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Reverse Engineering Delivers Critical Compressor

16.10.2019, 12:00

Reverse Engineering Delivers Critical Compressor

Sulzer has achieved cost savings of 40 per cent for an industrial company in the Philippines by reverse-engineered a compressor essential to its operations.

Modern centrifugal compressors are high-performance machines used in demanding industrial applications, ranging from powering machinery to squeezing industrial gases for storage and transportation. They deliver air or other gases at high volumes and high pressures into storage, transportation pipework or to downstream machinery. The machines themselves can be very large indeed, consuming hundreds of kW of power, but the critical component at their heart is a precision-engineered high-speed impeller, which can be just a few cm in diameter. 

For one company in the Philippines, damage to this vital part was to be the cause of a prolonged period of expensive disruption. When a large compressor failed, investigations showed that the machine had been operating out of balance for some time. The resulting vibrations had caused such extensive damage to the machine’s 7.4-inch (188 mm) diameter impeller that the part was beyond repair.

With the original manufacturer of the compressor unable to offer a timely or cost-effective replacement, the company approached rotating equipment specialists at Sulzer for a solution.

Digital modelling and measurement

The damaged impeller and shaft were removed from the casing and shipped to Sulzer’s facility in Indonesia. Once there, the local engineering team set about collecting all the data needed to recreate the part. Using a combination of laser scanning technology and conventional measurements, the team collected digital and dimensional inspection data to build a complete 3D representation of the impeller.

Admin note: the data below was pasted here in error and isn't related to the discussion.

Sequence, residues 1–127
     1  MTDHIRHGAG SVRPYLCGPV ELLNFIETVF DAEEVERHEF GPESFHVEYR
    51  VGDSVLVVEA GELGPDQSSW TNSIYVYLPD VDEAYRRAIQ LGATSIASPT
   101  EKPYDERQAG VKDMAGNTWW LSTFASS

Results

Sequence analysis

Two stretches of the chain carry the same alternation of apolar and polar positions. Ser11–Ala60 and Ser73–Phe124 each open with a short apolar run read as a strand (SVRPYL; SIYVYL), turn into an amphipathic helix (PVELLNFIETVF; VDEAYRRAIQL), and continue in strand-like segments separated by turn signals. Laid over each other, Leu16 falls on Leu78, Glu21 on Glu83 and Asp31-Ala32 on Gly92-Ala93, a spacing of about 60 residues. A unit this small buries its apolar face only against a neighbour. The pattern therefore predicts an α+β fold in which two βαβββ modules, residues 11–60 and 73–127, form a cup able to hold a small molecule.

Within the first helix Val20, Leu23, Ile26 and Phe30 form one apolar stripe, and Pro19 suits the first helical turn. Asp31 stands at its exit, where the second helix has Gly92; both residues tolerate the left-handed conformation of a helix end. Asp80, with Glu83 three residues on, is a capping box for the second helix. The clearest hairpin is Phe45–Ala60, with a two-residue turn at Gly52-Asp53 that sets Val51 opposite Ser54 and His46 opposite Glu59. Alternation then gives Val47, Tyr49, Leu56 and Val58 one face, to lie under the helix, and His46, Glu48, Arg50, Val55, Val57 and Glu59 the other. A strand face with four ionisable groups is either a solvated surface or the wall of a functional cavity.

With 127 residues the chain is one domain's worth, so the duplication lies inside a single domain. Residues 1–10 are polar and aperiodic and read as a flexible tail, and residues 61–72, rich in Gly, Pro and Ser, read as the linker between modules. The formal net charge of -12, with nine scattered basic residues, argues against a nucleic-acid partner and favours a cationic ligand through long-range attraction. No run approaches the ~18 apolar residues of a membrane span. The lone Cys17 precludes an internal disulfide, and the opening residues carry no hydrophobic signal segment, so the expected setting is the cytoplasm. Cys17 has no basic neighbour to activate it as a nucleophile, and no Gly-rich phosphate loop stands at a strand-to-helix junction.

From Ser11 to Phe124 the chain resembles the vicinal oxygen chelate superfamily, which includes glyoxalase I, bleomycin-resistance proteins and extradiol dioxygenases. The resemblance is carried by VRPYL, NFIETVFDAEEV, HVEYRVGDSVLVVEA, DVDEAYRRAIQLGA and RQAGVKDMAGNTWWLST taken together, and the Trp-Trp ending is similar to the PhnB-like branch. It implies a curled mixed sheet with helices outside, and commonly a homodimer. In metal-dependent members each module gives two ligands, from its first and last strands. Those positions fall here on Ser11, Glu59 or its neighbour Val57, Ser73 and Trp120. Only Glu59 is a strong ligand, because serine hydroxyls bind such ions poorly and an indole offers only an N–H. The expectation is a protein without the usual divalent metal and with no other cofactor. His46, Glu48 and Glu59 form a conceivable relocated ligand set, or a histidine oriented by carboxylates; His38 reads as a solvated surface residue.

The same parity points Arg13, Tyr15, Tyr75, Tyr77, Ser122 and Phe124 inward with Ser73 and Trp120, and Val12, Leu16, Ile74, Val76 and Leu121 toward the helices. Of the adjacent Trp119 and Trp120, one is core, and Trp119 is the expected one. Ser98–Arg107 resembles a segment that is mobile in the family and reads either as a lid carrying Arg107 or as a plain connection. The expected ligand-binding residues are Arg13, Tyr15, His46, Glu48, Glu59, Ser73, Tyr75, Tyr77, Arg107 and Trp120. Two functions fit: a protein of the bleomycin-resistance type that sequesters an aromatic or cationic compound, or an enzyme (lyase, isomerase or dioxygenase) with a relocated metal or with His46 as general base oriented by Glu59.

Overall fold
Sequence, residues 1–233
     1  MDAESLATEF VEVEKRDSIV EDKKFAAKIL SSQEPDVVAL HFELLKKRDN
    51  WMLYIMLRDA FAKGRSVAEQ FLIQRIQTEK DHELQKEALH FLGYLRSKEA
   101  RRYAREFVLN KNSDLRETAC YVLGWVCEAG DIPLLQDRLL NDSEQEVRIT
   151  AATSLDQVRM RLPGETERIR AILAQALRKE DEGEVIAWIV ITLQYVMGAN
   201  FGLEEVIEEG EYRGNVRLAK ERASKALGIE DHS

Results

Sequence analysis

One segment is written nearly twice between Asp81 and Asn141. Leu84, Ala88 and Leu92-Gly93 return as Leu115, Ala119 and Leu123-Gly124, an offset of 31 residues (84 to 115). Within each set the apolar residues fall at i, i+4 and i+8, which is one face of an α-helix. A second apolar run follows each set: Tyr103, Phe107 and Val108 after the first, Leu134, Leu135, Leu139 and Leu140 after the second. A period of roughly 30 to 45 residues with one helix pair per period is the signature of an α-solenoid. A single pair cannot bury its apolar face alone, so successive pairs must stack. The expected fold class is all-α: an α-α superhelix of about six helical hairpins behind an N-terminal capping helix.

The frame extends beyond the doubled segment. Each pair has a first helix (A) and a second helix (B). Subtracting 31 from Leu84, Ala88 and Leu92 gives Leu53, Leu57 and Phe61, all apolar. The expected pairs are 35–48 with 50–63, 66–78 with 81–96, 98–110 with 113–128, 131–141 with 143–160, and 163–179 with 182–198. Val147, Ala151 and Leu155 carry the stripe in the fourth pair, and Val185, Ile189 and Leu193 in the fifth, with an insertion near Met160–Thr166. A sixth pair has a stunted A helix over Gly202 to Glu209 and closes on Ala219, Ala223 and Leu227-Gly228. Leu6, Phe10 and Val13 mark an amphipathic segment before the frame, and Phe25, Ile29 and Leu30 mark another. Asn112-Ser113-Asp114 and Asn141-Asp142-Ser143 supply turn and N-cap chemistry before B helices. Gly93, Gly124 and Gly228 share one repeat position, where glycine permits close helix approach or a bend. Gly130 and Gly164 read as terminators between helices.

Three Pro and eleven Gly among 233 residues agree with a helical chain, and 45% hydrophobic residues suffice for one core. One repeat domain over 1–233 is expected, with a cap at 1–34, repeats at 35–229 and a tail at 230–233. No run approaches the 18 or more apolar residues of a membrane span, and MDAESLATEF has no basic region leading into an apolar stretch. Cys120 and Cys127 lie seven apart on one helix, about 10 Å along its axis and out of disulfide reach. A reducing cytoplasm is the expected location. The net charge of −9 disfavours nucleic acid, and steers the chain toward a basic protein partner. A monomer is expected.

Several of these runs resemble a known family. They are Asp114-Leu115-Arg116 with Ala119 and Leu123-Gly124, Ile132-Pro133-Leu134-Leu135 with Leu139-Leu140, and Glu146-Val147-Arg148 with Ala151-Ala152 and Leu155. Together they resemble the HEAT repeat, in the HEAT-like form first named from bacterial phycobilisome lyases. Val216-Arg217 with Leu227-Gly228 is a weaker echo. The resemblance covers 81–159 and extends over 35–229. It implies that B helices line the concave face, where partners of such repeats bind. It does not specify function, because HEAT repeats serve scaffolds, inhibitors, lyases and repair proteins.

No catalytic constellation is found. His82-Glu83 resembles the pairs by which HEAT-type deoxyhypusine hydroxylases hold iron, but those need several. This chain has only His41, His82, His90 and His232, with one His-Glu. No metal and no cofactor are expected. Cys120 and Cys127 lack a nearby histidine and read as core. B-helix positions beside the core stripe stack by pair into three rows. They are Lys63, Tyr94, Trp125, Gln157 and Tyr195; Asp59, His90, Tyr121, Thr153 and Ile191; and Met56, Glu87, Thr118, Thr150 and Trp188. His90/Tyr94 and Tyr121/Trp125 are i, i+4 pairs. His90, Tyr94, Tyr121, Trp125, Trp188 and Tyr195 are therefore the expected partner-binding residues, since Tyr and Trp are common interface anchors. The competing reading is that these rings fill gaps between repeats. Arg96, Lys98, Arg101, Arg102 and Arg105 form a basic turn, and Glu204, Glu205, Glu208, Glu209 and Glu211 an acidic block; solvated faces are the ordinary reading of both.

The data was then used by Sulzer experts to build a 3D solid model of the replacement component. The damage to the impeller was extensive, so the Sulzer team had few complete surfaces they could use as a basis for their model. By applying engineering analysis to the geometry of the broken part however, they were able to “undo” the damage digitally and determine the precise geometry of the original component.

While the experts were working on the geometry, their colleagues were continuing their own work to reverse-engineer the component. They used x-ray fluorescence (XRF) analysis to establish the exact chemical composition of the impeller. That allowed Sulzer to source the same alloy in order to manufacture the replacement. Finally, the team used zebra analysis to determine the surface continuity quality in the 3D model that would affect the surface finish required for the new part during the machining process.

Machining expertise

With the model, material and relevant manufacturing information now available, it was time for Sulzer’s CNC machining specialists to step in. A manufacturing team in Houston produced the replacement part, which was machined from a single block using five-axis milling techniques.

After surface finishing, the part was spin tested at high speed in Houston to check for any imbalance before shipment to Indonesia. The Indonesian team assembled and balanced the new impeller on the original shaft before returning it to the customer for installation in the machine.

Hepy Hanipa, Head of Turbo Services South East Asia, says:

“This project shows Sulzer’s global capabilities at their best.

“This was a relatively small, but highly complex component and its performance was critical to our customer’s operations.

“Close cooperation between Sulzer teams working on opposite sides of the world allowed us to deliver a high-quality solution on a timescale that met the customer’s needs whilst delivering a significant cost saving.”

CAMFIL HVAC Filtration Solutions

Staff Reporter

FMIndustry.com covers the latest news, trends and opinion from the facilities management (FM) and corporate real estate (CRE) sectors. The FM market is currently estimated to be worth USD 1 trillion annually and is projected to grow at a compounded annualised rate of approximately 5% between now and 2026.

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